Fight for flight: three airlines compete for Air Berlin assets following bankruptcy

Air Berlin aims to sell its assets by the end of September, with three major airlines currently in negotiations

Feature image
CEO Thomas Winkelmann expects to offload Air Berlin's assets by the end of September

On August 17, Air Berlin CEO Thomas Winkelmann revealed the airline expects to offload its assets to potential buyers by the end of September. Speaking just two days after the firm filed for bankruptcy, Winkelmann said three players in the aviation market are currently interested in striking a deal with Germany’s second largest airline.

According to Reuters, Winkelmann said the potential buyers were “reputable in terms of their finances, sufficiently large [enough] to offer Air Berlin a secure future and… interested in keeping Germany as a base of operations”.

Meanwhile, Air Berlin is still operating, having given guarantees on 7,200 jobs and scheduled flights for the summer holidays. These operations have been aided by a €150m loan from the German Government.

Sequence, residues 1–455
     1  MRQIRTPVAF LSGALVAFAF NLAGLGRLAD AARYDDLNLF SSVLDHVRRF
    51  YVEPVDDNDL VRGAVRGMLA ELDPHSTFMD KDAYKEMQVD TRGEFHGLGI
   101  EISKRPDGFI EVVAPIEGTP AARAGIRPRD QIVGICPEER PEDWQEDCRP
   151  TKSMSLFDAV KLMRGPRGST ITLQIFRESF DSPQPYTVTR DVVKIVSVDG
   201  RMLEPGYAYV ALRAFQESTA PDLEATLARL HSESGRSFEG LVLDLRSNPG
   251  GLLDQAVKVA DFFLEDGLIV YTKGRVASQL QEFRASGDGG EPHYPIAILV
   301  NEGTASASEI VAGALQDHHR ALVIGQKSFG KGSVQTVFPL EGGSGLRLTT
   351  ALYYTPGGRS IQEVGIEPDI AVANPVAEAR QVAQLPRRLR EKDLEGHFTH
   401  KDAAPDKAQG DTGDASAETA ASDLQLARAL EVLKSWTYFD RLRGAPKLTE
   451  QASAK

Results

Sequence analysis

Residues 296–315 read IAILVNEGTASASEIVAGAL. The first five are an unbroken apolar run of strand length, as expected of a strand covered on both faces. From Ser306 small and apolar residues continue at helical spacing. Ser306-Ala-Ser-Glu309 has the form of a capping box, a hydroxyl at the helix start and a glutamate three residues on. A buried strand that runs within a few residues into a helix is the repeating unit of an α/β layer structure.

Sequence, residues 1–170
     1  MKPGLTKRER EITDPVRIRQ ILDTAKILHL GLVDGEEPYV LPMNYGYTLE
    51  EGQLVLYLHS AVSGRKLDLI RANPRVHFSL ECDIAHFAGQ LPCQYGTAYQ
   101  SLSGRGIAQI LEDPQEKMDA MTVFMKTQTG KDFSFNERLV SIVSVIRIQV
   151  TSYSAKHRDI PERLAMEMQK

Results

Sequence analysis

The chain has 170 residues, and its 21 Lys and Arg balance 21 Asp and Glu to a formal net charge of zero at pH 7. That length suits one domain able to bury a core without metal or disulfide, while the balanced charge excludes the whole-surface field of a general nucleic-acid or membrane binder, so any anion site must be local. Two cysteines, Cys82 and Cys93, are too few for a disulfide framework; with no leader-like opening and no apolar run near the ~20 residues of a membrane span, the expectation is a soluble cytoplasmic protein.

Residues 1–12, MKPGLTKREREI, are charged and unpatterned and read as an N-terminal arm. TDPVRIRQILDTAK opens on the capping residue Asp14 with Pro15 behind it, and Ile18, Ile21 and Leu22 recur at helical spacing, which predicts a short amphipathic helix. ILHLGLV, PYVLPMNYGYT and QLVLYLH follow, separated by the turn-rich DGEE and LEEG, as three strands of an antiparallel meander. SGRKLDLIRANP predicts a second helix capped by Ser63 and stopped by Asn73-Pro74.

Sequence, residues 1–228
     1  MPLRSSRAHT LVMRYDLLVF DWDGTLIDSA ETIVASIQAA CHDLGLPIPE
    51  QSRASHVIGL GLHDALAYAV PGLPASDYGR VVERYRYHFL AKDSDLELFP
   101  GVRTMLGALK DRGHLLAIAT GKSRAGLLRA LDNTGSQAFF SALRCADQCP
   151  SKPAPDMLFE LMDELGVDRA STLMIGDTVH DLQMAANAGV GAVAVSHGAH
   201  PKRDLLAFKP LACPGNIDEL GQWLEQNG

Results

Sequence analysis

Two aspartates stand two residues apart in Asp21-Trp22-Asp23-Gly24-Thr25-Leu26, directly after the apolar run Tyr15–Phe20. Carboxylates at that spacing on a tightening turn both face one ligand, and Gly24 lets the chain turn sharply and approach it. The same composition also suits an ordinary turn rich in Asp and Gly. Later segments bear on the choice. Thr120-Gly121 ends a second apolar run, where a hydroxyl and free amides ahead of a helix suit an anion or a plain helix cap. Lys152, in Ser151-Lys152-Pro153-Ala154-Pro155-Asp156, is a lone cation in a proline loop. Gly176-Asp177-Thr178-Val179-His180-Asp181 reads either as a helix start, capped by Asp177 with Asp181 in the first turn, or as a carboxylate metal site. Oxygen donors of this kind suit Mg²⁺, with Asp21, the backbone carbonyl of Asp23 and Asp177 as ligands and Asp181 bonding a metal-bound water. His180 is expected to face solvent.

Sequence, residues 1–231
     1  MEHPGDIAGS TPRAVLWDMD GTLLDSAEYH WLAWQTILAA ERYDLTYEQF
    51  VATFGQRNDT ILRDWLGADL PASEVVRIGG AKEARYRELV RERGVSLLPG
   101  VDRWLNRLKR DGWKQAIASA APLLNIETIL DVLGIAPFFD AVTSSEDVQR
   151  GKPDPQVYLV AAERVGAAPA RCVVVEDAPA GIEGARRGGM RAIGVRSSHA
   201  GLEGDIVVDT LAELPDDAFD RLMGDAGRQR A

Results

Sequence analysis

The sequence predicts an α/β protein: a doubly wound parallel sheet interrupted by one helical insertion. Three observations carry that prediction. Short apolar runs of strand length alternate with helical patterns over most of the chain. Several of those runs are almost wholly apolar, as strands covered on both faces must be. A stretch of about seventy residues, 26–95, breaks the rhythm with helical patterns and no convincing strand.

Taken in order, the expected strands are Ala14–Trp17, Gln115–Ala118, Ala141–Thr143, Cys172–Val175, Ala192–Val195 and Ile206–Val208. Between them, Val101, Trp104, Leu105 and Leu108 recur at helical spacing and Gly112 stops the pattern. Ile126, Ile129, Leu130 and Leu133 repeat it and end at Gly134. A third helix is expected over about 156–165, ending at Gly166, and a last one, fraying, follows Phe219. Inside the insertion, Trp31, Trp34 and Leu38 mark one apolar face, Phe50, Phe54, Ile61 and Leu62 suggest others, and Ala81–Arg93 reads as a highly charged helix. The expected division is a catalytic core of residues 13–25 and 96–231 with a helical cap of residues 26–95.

Air Berlin’s collapse
has presented an opportunity for competitors to assert greater influence on Europe’s third largest aviation market

On August 15, Air Berlin initiated the protection process after Etihad Airways, the airline’s largest shareholder (with around 30 percent of the company’s stocks), withdrew its support in response to the firm’s deteriorating finances. According to data provided by Bloomberg, Air Berlin’s operating losses reached €667m in 2016, doubling the figures posted in the previous year.

The airline’s collapse has unleashed a fight for the German skies, presenting an opportunity for competitors to assert greater influence on Europe’s third largest aviation market, which has witnessed growing competition between low-cost firms in recent years.

With Germany’s largest carrier Lufthansa leading the talks, Ryanair CEO Michael O’Leary denounced a “conspiracy” to stop Ryanair’s growth in the country.

According to O’Leary: “A merger will take Lufthansa from 68 percent to 95 percent of the German domestic market and from 47 percent to 60 percent control of the total market, which would be in breach of every known competition threshold rule and guideline in Germany and the EU.” The German Government has rejected such claims.

The third firm taking part in the negotiations is EasyJet; the winner will be revealed shortly.